John Carlos FreyBack to OpinionJohn Carlos Frey

The human cost of securing the border

Photo: AP Photo/Ross D. Franklin

The U.S. Mexico border region is unlike any other place in the United States.  The dividing line between the two countries stretches for nearly two thousand miles from San Diego, California to Brownsville, Texas.  Although much of the geography is unique, it is not the physical terrain that makes the area so distinct.  The border region has come to represent an area within the boundaries of the United States where civil liberties are diminished and human rights are violated on a daily basis.

For the past ten years I have been documenting and reporting on U.S. -Mexico border.  I have been face to face with the head of a major drug cartel and even crossed the border with a group of undocumented immigrants as they journeyed to America in search of jobs.  I have encountered poverty, broken dreams, dead bodies and violence.  Most Americans believe the border region to be a dangerous place.  Most Americans believe the Southwest is being overrun with drug runners, bandits and human traffickers.   The fact is the border region has some of the “safest communities in America.”

I do not pretend that organized crime has not infiltrated migration or that illicit drugs are not coming across the border but what is under-reported and rarely discussed are the acts of violence and violations of inalienable rights perpetrated by our own Federal officers. Over the past ten years, I have seen a steep decline in the protection of civil liberties along the border region and a sharp rise in abuse of human rights by Customs and Border Protection officers (CBP). The ACLU has also followed this problem closely, reporting just today on The Truth about the Current State of Immigration Enforcement.

In addition to the violation of civil rights, Border Patrol Agents have been increasingly involved in fatal confrontations along the border.  In the past two years, through my reporting, I have counted nineteen people have died at the hands of U.S. Border Patrol. Many of the incidents are currently under investigation with many unanswered questions. The rise in fatal shootings has caught the attention of the The Department of Homeland Security that has begun an investigation into the Border Patrol’s use of force protocol.

It is not surprising that a rush to secure the border has resulted in a violent and mismanaged police force.  In 2007, Congress mandated doubling the size of the U.S. Border Patrol.  Hiring standards were lowered, training times cut and supervision thinned.  According to U.S. Border Patrol, hiring criteria during this acceleration meant you did not even need a high school diploma to become an agent.  In addition, background checks and standard lie detector tests were omitted in order to reach the hiring quota. Doubling the size of the U.S. Border Patrol in a short period of time has resulted in a police force where at least half of its’ agents now have just a few years experience. “Many veteran Border Patrol officials expressed concern about the quality of today’s recruits”, reported the Houston Chronicle.

Today, CBP officials number over 60,000 and is the largest police force in the country.  They are equipped like an army with standard weapons, off-road vehicles, night and heat sensors, motion detectors, black hawk helicopters and unmanned drones.  Their primary goal is not to keep undocumented immigrants from crossing the border instead their mission is to “prevent terrorists and terrorists’ weapons, including weapons of mass destruction, from entering the United States.” Their mission statement reads like U.S. goals in Iraq or Afghanistan.  CBPs’ heavy-handed approach to securing the border is not without serious human consequence. The border officials activities, protocols, internal investigations and reprimand system are not available to the public and therefore not available for public scrutiny.  If there is wrongdoing within the ranks, CBP investigates itself and reprimands itself.  It is a perfect system of impunity.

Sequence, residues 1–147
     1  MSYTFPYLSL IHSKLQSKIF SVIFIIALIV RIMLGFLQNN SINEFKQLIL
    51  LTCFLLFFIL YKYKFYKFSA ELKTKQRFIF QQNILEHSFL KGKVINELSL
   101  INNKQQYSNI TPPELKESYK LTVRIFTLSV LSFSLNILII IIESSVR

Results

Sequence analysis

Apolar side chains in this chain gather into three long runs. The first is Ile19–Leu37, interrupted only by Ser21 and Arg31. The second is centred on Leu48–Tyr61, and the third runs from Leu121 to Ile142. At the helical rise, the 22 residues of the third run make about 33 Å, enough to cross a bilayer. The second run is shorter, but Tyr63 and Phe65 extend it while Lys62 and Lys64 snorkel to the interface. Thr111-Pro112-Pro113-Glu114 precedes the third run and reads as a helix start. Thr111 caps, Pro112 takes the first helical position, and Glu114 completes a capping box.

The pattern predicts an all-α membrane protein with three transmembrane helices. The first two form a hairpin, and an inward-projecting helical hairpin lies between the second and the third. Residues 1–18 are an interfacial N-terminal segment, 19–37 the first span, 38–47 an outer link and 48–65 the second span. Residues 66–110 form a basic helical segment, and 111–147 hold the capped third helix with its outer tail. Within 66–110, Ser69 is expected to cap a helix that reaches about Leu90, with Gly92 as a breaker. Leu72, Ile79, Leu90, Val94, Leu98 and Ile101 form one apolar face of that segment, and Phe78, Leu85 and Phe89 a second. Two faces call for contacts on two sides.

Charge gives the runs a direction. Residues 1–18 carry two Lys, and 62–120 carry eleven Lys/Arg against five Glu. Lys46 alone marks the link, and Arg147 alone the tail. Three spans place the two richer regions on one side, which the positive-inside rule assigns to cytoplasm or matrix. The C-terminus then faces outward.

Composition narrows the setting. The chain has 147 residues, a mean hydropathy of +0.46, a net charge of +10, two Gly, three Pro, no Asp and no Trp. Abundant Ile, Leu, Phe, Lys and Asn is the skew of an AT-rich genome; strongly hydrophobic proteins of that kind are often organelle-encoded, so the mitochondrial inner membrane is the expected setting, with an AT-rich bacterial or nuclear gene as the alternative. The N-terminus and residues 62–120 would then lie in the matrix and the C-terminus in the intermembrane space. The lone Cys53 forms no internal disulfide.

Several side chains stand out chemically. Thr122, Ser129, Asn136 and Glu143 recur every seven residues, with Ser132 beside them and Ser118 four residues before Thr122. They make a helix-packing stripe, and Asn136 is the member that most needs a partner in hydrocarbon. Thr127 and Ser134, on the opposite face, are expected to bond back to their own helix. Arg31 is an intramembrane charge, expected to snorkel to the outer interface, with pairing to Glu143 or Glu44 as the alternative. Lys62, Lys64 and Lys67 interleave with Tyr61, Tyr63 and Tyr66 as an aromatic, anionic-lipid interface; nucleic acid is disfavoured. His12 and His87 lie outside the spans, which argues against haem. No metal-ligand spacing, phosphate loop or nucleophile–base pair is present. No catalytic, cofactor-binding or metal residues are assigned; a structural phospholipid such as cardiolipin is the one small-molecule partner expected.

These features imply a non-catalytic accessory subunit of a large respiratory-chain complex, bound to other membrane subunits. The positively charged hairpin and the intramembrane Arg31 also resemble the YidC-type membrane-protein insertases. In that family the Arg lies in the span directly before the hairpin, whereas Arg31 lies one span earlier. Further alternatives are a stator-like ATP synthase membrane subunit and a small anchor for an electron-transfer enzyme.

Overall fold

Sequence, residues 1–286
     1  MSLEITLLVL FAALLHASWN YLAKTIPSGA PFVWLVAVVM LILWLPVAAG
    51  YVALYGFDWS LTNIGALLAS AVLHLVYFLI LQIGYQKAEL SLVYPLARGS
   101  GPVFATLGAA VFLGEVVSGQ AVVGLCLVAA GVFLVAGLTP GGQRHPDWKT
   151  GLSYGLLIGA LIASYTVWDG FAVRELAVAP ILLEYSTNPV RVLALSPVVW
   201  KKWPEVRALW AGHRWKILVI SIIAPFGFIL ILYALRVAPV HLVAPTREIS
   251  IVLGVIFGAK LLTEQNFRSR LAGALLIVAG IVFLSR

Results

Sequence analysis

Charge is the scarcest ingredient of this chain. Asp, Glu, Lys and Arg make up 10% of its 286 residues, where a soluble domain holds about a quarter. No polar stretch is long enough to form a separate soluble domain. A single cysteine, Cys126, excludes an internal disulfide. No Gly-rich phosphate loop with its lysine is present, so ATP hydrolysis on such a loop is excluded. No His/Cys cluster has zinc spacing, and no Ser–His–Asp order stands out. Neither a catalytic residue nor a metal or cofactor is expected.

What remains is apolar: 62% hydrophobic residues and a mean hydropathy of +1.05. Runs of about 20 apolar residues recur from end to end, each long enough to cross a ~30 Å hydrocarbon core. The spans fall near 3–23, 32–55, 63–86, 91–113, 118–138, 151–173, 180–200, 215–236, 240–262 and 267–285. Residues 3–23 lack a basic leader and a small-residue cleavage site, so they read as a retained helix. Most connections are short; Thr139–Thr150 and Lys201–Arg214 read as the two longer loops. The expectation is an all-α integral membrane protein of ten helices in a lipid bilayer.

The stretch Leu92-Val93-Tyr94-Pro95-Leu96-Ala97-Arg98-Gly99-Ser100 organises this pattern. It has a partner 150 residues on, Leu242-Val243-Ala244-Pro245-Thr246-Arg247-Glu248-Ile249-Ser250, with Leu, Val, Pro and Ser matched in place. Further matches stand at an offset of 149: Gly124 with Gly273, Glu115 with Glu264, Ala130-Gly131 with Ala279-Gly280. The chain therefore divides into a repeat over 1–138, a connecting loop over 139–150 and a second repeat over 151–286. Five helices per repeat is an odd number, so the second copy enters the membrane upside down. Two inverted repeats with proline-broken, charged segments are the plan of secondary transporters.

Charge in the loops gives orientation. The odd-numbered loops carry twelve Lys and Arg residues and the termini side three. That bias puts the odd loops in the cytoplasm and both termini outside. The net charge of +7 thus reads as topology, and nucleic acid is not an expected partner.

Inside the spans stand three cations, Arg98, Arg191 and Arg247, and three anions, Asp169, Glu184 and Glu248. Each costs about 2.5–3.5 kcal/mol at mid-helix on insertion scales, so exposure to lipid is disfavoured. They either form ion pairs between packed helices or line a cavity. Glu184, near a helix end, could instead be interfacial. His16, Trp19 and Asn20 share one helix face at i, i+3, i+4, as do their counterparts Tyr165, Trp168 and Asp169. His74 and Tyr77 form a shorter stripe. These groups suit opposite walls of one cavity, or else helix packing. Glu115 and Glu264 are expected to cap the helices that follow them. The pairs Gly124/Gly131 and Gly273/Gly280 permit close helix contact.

It appears as if Customs and Border Protection officials have become a new branch of the military except in many cases the enemy they are fighting are not terrorists but poor people in search of a job and as in war, civil liberties are surrendered and many times the unintended target, civilians and citizens, become casualties.  If immigration reform is predicated on “securing the border,” it may be prudent to assess the high cost to the residents of the region first.

John Carlos Frey  is a documentary filmmaker and investigative reporter. He has produced six full-length documentary films on the subject of migration and the U.S. Mexico Border. His work was featured on the 60 Minutes episode entitled, The All American Canal, which garnered the CBS News program a recent Emmy Award nomination.  

 

Comments

  • http://www.facebook.com/people/John-A-Randolph/1072710600 John A Randolph

    The US drug war and immigration enforcement complexes are insidiously and deviously intertwined. They profit by not only simultaneously maintaining the illegality of their primary commodities (drugs and undocumented people) but by maintaining the necessary propaganda that these enforcement “wars” can be won.

    Check out how they just rewarded their retiring Mexican CEO Felipe Calderon.

    http://www.wickedlocal.com/cambridge/news/x1107418337/LETTER-Deny-Felipe-Calder-n-as-a-Harvard-Fellow#axzz2EBtjsolR

    Please sign the Harvard Petition linked in the above article.

  • http://www.facebook.com/profile.php?id=50316407 Jeremy Deville

    Undocumented= Illegal. Ohhh, did I say a racist word? Amnesty = WAR